Intelligent process automation, machine learning and AI increase the productivity, decision-making and agility of front, middle and back office teams by supplying them with more accurate and actionable information—fast.
Who are the AI innovators?
Many early adopters of process automation are already ahead of the game, embracing innovative ways to create new levels of process efficiency and new possibilities for outdated operational models. In the financial world, ING Netherlands has started to use the power of AI. The bank recently launched Inge, a new AI driven voice feature on its mobile banking app that provides an innovative, simple and hands-free alternative for customers to do mobile banking. This technology not only improves the customer experience, but also helps human resources in the company to take on higher order activities.
While many companies are already moving in this direction, we think much more can be done. Cognizant surveyed 500 senior executives across the US and Europe, and found that half of the respondents saw intelligent process automation as significantly improving their business processes over the next three to five years. 44% see similar importance for analytics. Significantly, nearly one fifth reported having achieved cost savings of greater than 15% from intelligent process automation in just the past year alone.
The research also shows that through these technologies, humans are attaining new levels of process efficiency, such as improved operational cost, speed, accuracy and throughput volume. In short, the use of the increasingly more astute technologies of smart robots is becoming a force-multiplier for smart people.For example, our HPA Health Mason platform allows a unique robot-to-robot management structure.
One robotic global manager delegates work actions to myriad individual robots to automate tasks typically done by a person (such as a claims examiner). While efficiencies are increased and direct labour costs are reduced, the speed of the platform improves medical loss ratios more quickly. Specific HPA implementations have yielded a first pass accuracy of 99.97% over a rolling 12-month average, significantly reducing duplication of claims and the risk of financial errors.
Platforms like ADPART (Activity Diagram-Based Path Analysis and Regression Testing) have demonstrated the potential to reduce test effort in excess of 30% by using machine learning. Over 80 businesses use the intelligent system to automate test design and predict the most vulnerable business processes by learning from past problems and defects.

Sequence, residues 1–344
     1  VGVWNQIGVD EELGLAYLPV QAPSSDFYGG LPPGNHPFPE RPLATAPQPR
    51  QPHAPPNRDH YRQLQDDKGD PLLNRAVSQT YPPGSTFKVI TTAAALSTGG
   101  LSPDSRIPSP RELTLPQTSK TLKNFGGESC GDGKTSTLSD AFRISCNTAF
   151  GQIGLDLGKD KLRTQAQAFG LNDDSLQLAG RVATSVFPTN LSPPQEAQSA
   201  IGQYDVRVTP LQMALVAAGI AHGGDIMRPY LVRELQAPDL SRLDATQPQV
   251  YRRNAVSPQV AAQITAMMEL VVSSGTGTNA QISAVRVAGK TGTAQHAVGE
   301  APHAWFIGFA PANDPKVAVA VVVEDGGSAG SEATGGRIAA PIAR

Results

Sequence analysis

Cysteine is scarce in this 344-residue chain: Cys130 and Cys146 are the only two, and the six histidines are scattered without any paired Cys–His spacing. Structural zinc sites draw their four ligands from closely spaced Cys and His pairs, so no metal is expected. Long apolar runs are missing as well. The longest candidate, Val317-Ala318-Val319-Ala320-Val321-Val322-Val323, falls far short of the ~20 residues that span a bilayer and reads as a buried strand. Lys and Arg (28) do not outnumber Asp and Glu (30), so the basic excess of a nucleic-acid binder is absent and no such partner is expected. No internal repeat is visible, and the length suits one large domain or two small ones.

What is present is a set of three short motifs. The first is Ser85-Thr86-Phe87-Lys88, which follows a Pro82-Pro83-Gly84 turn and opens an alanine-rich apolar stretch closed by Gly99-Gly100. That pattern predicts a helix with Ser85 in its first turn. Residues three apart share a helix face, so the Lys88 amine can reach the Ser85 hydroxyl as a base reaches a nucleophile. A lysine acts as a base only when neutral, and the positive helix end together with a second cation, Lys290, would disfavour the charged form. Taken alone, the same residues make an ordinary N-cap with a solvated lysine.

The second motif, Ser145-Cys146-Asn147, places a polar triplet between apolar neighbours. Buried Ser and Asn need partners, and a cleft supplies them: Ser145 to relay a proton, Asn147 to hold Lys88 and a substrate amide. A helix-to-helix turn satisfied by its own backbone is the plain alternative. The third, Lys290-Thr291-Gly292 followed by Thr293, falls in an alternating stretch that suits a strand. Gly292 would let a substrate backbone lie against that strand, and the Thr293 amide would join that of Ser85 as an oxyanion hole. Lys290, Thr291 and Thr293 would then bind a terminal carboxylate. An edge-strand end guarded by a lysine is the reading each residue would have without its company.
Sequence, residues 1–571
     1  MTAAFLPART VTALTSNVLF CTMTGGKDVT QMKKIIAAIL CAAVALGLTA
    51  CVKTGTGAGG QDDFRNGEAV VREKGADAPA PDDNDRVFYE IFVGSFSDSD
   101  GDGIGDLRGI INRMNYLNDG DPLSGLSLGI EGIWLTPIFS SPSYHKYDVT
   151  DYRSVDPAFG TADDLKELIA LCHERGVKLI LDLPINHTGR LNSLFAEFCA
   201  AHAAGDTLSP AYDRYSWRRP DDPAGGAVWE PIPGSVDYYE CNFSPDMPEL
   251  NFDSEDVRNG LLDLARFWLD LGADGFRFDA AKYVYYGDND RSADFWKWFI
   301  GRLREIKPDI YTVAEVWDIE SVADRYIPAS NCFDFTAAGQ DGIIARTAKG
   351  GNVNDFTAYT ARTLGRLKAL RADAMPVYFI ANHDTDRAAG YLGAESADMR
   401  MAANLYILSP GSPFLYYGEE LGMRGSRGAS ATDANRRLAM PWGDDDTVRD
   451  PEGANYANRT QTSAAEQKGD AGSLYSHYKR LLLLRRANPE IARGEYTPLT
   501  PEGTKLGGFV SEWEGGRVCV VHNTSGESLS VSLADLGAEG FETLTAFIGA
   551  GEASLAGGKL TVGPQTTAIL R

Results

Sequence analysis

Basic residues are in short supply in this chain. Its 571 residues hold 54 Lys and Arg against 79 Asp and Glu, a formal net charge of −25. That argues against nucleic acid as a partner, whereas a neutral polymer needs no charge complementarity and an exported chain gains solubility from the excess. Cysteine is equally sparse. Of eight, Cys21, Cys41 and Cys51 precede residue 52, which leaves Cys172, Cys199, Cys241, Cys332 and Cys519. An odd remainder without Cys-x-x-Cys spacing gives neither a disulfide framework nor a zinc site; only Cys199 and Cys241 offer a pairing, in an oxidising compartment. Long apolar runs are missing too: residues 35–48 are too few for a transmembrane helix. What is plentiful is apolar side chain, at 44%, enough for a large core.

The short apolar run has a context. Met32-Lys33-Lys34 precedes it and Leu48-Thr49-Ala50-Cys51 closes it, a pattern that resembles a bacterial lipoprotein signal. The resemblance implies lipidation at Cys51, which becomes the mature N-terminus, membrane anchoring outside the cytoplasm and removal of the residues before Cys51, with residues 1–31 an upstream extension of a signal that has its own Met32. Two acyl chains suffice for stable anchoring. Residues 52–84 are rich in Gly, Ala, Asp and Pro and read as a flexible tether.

AI and ‘Code Halos’
Across industries—financial services, healthcare, insurance— organisations are using intelligent systems and the rich data they provide to increase speed to market, reduce human error, seek regulatory compliance and reduce fines, achieve faster processing times and gain immediate ROI through faster implementation times.
But sometimes, ‘doing analytics’ or merely automating an existing process falls short. Prompted by innovative competitors, a full digital re-think may be crucial to transforming core processes. By harnessing the power of emerging technologies, such as social, mobile, analytics, sensors and cloud, companies are completely re-imagining customer, supplier and partner interactions. By igniting the digital information surrounding these entities — also known as Code Halos — organisations can realise business process insights in far greater fidelity than has ever been possible before.
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So while a futuristic version of AI continues to fuel the latest sci-fi blockbusters, we have already entered a new era of human-machine working, in which software tools have emerged as ‘the robots’ for administration and knowledge-based tasks. Though we are likely to see the rise of the machines over the coming years, the human touch will never be lost. But automation with sophisticated technologies is here to stay. And like a good science fiction movie, whether you like it or not, it’s coming soon — to a process near you.
Sourced from Gajen Kandiah, executive VP, Business Process Service, Cognizant